Spillover contributions will be coming to the Thrift Savings Plan beginning in 2021. These contributions will simplify the process for those over the age of 50 (including those who attain the age of 50 within a calendar year) by eliminating one TSP form.

The Federal Retirement Thrift Investment Board (FRTIB) is proposing to “reduce paperwork burdens” on those who are eligible to make “catch-up” contributions by allowing then to use only one form for their TSP allocations.


They propose, in proposed regulations that were posted in the Federal Register on January 23, 2020, to simplify the catch-up contribution process by no longer requiring participants to submit separate catch-up contribution election forms in addition to their other contribution election forms.

Instead, the TSP will simply continue to accept contributions based on the participant’s contribution election that is already on file, until his/her contributions reach the combined limits on catch-up contributions and other types of contributions.

So, an employee who is qualified to make “catch-up” contributions will simply submit one election form. For example (using 2020 contribution limits), an eligible participant could elect to contribute $26,000 to the TSP rather than a $19,500 deferral and a $6,500 catch-up contribution. This should alleviate the confusion that some age 50 and older employees currently feel about making the additional TSP contributions.

Catch-up contributions (introduced twenty or so years ago) were originally designed for TSP participants who hadn’t had the opportunity to contribute to the Thrift Savings Plan early in their career because the TSP didn’t come into existence until 1987.

This allowed them to make up for time when they didn’t have the opportunity to set money aside for retirement. Catch-up contributions have been continued, even though most of today’s TSP participants have had access to the plan since they were hired.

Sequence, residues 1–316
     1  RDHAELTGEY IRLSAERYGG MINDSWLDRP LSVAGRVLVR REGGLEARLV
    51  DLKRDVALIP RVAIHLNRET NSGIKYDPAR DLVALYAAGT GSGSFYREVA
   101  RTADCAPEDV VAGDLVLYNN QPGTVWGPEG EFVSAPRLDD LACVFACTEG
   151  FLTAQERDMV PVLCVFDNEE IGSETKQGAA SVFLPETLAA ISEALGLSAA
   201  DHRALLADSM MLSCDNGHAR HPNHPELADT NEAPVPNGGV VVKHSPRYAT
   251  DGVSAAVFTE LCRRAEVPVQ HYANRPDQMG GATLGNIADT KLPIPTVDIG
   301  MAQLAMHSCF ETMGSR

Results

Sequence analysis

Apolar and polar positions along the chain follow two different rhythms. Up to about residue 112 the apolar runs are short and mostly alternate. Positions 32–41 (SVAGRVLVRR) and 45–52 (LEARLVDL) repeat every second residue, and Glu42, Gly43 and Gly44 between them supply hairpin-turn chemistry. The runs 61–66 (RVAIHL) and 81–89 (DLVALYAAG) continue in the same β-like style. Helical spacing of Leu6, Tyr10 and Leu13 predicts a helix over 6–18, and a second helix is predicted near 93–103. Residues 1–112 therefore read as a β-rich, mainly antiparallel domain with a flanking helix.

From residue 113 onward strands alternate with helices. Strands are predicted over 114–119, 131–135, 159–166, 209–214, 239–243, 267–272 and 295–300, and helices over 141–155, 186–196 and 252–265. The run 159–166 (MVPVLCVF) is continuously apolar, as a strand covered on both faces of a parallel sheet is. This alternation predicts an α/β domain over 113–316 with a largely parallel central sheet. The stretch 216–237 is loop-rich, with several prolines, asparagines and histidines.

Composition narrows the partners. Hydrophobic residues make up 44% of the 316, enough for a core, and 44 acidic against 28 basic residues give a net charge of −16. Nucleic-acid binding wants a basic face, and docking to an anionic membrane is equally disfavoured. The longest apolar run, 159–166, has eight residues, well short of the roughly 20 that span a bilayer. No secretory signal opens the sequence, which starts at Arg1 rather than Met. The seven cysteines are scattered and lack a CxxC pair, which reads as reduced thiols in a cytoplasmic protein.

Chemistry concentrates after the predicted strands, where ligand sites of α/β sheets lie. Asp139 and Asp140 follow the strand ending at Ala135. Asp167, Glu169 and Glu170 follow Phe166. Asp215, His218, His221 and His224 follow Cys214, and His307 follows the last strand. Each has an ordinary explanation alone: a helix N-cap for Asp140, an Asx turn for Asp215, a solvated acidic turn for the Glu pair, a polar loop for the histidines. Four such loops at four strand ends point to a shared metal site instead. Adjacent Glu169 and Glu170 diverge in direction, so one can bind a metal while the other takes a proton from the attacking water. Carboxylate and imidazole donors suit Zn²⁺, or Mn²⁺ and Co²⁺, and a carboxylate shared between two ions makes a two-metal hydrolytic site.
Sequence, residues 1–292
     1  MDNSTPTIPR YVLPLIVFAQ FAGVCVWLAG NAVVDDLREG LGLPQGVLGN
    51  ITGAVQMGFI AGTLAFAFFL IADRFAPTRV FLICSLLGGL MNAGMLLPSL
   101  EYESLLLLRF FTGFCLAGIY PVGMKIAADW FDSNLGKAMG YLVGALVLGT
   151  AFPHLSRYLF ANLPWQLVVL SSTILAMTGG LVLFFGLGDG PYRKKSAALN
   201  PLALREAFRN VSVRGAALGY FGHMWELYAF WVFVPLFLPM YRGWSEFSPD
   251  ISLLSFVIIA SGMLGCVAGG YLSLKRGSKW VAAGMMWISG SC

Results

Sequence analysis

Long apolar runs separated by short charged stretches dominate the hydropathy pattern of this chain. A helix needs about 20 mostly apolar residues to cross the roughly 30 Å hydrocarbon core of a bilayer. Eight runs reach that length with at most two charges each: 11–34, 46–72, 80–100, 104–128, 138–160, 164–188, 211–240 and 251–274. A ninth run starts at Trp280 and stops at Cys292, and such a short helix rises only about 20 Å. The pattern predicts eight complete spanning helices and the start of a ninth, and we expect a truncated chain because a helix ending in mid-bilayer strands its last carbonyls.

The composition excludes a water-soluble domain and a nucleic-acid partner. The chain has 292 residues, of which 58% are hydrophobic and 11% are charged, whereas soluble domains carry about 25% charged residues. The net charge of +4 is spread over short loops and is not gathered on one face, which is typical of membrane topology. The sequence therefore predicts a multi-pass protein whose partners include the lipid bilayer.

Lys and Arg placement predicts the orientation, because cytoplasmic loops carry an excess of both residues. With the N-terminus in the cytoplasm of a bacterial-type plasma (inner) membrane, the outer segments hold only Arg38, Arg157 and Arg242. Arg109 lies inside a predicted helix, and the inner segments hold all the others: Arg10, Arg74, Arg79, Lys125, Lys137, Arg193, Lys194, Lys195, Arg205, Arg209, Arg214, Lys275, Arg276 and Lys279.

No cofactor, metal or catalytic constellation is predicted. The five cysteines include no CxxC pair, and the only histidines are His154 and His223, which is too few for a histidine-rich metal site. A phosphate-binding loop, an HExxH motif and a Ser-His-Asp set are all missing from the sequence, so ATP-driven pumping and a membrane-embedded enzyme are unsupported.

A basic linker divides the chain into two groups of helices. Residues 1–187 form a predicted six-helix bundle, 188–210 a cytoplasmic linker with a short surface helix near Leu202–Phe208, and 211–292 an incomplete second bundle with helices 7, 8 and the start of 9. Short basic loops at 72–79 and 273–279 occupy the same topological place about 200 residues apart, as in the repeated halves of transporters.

The FRTIB justifies extending this opportunity to more recently hired employees by saying that catch-up contributions are for those who “were not employed or were otherwise unable to contribute towards their retirement”.

Employing agency payroll offices will no longer submit catch-up contributions to the TSP on special payroll records designed specifically for catch-up contributions.


Instead, payroll offices will submit catch-up contributions using the same payroll records that they use to submit other types of contributions. The TSP recordkeeping system will automatically determine, based on the participant’s date of birth, whether the participant is eligible to make catch-up contributions.

When an employing agency payroll office submits contributions in excess of the elective deferral limit on behalf of a catch-up eligible participant, the TSP recordkeeping system will automatically treat the excess contributions as catch-up contributions, without requiring any additional paperwork from the participant or any special payroll records from the payroll office.

As an example (using the 2020 limits), an eligible participant would elect to contribute $26,000 to the TSP and the Thrift Plan would view the first $19,500 as going toward the elective deferral limit and the remaining $6,500 as catch-up contributions.

The restriction on matching catch-up contributions will be lifted but, according to the FRTIB, will not increase an agency’s financial obligation. It is almost certain that the proposed regulations will be implemented on January 1, 2021 as planned.

This change continues the FRTIB’s pattern of making it easier for federal employees to save for their retirement.


TSP Catch-Up Change in Process, Other Updates Pending

Report: Understanding TSP Withdrawals, Taxes, Annuities

TSP Investors Handbook, New 6th Edition